Is Minnesota's transportation system in decline?

Proposed SWLRT route
The proposed Southwest Light Rail Transit route could run along the existing line at Excelsior Blvd. just east of Highway 169 in Hopkins, Minn.
MPR Photo/Jeffrey Thompson

Some key lawmakers are planning to push for more transportation funding at the Legislature this session.

DFL Sen. Scott Dibble, the new chairman of the Senate Finance Transportation and Public Safety Committee, said on The Daily Circuit Wednesday, Jan. 9 that he'll consider new ways to fund transportation and transit.

Dibble said transportation is critical to growing Minnesota's economy and remaining competitive nationally. He said current funding levels are not sufficient.

"Or we could do a reasonable level of investment, really keeping a very close eye on the return on that investment - if we put a dollar in, how much do we get back in terms of greater economic productivity, greater individual productivity, and over what period of time do we realize that return on investment," Dibble said.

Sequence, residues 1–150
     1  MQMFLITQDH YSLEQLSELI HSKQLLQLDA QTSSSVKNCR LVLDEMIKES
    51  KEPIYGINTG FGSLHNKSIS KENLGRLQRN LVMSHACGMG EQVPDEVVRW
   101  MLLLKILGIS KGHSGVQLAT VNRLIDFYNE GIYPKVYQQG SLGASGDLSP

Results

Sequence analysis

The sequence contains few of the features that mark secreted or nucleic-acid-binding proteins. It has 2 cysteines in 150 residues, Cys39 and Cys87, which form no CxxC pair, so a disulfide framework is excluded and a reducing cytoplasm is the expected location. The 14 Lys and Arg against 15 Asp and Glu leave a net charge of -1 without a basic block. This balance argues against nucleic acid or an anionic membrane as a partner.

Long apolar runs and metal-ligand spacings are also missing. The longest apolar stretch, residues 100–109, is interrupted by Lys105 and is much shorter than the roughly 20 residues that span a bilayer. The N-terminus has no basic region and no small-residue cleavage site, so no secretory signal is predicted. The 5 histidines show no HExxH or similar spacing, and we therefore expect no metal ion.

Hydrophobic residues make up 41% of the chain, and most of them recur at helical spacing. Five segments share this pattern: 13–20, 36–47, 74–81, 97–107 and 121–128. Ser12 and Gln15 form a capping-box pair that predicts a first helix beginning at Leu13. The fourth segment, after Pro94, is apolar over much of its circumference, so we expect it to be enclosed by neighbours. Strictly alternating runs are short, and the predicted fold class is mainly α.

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Jay Cowles, president of Unity Avenue Associates and co-chair of the Itasca Project's Transportation Initiative, also joined the discussion. He said the Twin Cities will gain nearly a million residents by 2040, and they'll need new and better ways to get around. His initiative calls for raising the gas tax, tab fees and other sources to fund transportation and transit.

"And it really is a fundamental part of the infrastructure that is going to allow Minneapolis, St. Paul and the state to continue to flourish," he said.

Cowles says it's important for Minnesota to grow a transportation network that offers transit as well as improved highways and bridges.

A report from an advisory council on transportation is recommending a higher gas tax and more state money for roads and transit.

From the report:

If the decline in Minnesota's transportation system is allowed to continue through inaction with regard to funding, irreparable damage may occur to the state's economy. The consequences of inaction are clear and predictable.


Map: Comparing Twin Cities transit to other urban systems (Bill Rankin)

Big costs, little revenue: Panel looks at ways of paying for transportation, transit (Finance and Commerce)

Transportation Finance Advisory Committee report

America's crumbling transportation infrastructure (The Daily Circuit)